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The oil industry prepares for tropical storm Isaac

Tampa area residents make preparations for the arrival of Tropical Storm Isaac by filling sandbags at a Hillsborough County Public Works Service Center in Tampa, Florida.

Jeremy Hobson: Forecasters say Tropical Storm Isaac is on the verge of becoming a hurricane. And it's expected to hit the Louisiana coast as soon as tonight.

But the storm has already shut down off-shore oil rigs in the gulf, as Marketplace's Stephen Beard reports.


Stephen Beard: The energy companies are not taking any chances. They’ve shut down three quarters of oil production and half the natutal gas output from the Gulf. And they’ve closed  a great swathe of the region’s refining capacity .  But the weather forecasters have toned down their predictions: Issac is not expected to be as strong as Katrina seven years ago.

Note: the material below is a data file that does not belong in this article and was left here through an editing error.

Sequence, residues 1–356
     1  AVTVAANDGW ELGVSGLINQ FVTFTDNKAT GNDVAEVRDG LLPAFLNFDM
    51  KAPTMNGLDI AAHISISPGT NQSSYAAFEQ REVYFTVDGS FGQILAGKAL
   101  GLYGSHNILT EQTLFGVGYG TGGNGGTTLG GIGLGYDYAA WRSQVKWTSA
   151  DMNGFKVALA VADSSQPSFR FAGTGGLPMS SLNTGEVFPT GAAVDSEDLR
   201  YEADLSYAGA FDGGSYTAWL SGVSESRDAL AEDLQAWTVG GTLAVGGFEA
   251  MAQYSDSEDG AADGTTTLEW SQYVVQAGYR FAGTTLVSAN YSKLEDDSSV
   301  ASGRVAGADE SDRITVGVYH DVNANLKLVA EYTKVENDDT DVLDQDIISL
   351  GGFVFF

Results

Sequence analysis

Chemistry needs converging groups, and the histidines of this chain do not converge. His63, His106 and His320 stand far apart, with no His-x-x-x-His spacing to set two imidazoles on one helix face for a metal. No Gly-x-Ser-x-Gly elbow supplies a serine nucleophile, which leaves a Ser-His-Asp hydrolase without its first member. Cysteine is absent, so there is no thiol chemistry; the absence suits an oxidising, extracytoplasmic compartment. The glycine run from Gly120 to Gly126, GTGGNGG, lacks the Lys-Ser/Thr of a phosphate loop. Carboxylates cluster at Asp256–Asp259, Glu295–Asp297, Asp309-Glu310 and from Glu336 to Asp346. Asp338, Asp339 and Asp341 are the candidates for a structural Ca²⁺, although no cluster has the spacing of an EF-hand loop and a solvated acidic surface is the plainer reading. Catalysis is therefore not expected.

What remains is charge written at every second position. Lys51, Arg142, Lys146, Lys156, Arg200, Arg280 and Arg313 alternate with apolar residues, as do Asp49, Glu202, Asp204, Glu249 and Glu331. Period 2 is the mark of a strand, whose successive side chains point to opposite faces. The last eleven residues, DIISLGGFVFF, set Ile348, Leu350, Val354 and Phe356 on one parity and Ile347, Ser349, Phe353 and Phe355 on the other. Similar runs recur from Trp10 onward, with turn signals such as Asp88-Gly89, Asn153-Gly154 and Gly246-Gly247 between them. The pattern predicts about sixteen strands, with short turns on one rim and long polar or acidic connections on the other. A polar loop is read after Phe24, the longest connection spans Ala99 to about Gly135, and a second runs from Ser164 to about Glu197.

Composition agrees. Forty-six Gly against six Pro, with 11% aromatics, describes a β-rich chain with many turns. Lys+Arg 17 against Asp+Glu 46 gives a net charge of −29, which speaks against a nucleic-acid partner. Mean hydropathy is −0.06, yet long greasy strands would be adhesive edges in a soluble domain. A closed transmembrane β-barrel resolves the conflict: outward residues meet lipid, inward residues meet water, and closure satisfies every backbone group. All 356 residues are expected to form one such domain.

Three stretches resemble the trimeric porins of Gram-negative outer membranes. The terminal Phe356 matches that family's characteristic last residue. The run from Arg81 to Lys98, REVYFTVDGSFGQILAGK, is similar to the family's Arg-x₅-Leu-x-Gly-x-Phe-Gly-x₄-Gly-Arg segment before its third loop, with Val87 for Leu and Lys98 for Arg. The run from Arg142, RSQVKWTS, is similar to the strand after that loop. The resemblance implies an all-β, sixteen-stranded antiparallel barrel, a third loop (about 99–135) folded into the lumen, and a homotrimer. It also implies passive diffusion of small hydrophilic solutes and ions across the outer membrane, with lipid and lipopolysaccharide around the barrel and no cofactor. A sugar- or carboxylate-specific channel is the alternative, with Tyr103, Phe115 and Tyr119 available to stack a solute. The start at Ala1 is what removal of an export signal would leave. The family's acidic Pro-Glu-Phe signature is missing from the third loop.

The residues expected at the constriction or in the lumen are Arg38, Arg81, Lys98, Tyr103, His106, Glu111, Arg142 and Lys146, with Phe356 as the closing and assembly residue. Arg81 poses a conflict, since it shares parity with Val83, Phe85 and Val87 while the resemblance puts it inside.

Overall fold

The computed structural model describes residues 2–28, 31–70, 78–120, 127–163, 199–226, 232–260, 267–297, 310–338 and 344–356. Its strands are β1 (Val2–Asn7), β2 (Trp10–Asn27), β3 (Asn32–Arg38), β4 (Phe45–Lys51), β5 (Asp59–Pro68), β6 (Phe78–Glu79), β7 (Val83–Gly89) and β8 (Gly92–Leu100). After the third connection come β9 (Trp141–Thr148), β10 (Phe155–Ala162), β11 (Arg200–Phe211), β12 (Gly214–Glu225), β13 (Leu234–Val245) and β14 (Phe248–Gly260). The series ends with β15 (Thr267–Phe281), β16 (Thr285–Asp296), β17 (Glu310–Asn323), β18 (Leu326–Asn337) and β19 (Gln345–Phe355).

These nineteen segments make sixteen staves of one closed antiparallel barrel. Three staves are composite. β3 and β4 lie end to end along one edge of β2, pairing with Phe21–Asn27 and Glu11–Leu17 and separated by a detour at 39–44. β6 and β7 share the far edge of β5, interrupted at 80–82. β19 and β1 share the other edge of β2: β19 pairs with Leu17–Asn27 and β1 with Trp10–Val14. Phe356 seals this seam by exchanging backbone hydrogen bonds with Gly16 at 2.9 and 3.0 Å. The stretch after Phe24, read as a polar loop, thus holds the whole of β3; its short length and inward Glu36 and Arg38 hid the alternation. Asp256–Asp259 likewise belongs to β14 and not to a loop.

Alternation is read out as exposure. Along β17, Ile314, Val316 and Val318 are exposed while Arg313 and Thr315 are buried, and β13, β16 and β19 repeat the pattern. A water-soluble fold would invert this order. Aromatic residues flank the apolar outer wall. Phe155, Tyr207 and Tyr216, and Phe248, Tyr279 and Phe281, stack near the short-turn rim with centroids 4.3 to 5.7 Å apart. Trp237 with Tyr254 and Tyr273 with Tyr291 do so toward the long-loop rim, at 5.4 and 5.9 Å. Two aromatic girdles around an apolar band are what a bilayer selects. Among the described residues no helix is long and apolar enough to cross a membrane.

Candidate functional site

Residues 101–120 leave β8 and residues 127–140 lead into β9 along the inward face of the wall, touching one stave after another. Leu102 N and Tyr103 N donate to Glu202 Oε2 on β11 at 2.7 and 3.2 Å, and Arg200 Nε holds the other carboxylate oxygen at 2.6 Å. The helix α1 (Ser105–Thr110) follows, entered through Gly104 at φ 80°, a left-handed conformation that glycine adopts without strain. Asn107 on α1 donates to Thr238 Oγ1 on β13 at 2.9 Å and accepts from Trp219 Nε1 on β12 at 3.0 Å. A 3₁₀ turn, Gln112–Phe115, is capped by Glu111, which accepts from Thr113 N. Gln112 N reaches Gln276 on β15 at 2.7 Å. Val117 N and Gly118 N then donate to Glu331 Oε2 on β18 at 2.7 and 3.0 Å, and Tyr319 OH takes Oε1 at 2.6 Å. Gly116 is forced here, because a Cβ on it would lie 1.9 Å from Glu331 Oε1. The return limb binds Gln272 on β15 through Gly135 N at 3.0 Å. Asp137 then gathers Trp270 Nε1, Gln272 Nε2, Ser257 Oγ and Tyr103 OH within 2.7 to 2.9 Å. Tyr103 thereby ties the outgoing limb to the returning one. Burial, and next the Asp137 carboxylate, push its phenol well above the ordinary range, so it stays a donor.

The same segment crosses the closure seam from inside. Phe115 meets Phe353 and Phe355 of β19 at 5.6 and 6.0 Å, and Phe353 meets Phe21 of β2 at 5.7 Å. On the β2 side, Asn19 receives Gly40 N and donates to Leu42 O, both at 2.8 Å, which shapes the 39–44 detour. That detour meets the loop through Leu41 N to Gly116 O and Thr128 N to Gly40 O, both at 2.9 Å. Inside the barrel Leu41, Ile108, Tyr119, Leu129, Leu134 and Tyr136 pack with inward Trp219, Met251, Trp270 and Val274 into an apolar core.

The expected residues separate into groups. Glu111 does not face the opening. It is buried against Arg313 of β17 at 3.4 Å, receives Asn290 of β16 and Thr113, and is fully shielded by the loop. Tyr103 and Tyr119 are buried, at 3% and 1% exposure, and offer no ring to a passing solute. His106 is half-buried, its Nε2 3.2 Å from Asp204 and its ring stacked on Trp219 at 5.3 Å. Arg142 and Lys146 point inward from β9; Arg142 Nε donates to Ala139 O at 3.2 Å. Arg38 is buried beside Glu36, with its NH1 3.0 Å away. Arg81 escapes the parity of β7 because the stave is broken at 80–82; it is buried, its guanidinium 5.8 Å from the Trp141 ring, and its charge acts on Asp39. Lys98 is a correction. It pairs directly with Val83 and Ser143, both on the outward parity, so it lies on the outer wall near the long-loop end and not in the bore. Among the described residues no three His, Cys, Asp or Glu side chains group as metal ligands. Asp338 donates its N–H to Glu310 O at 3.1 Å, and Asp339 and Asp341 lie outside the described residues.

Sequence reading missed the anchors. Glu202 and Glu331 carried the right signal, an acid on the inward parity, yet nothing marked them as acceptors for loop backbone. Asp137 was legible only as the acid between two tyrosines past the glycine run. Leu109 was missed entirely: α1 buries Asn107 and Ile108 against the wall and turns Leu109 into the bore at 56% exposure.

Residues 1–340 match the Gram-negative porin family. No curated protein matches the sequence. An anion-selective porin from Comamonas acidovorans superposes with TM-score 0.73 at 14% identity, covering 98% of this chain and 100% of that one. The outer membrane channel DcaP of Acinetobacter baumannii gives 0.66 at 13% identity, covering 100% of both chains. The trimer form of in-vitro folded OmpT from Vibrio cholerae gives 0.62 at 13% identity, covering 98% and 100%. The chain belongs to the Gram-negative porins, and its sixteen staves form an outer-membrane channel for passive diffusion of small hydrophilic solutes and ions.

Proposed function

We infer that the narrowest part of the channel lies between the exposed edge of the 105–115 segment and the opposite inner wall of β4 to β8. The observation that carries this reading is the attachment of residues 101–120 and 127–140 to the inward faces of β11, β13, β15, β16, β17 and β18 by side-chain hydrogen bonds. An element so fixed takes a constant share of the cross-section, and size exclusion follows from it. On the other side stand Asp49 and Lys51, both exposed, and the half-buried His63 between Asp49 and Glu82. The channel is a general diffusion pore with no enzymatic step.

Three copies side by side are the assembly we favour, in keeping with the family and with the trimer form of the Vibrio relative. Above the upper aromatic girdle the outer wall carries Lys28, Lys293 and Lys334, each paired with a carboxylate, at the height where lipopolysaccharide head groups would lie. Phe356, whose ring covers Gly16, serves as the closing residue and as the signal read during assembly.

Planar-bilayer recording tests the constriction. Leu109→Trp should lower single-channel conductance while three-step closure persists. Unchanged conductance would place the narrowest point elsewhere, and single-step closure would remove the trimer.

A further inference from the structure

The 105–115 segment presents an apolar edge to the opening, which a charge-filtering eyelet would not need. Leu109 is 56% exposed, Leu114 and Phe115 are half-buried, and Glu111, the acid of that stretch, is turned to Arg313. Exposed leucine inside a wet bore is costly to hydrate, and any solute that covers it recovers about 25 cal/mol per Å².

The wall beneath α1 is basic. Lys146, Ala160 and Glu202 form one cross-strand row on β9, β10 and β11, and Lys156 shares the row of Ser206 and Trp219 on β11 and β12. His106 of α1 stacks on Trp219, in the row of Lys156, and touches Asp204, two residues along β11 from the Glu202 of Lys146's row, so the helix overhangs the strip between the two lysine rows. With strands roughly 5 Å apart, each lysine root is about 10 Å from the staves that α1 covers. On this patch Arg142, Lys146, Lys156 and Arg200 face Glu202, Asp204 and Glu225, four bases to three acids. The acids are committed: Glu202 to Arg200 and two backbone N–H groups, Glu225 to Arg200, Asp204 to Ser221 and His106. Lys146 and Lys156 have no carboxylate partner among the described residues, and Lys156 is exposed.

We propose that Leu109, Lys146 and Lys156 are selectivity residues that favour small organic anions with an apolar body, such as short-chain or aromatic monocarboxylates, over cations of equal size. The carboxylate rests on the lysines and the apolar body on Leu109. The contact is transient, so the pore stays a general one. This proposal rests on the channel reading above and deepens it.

Nick Mcgregor, an oil analyst with stockbrokers Redmayne Bentley, says the oil markets are taking Isaac in their stride.

Nick Mcgregor: The industry and traders are used to seeing this capacity go off line for temporary periods for safety reasons when hurricane season is in hand . And they are relatively confident that this production tends to come back on line fairly quickly thereafter.

But he says the traders are not complacent.  Hurricanes are unpredictable. Everyone knows that Isaac could damage oil and gas output. Katrina knocked out 4-and-a-half million barrels of refined oil a day. 

About the author

Stephen Beard is the European bureau chief and provides daily coverage of Europe’s business and economic developments for the entire Marketplace portfolio.
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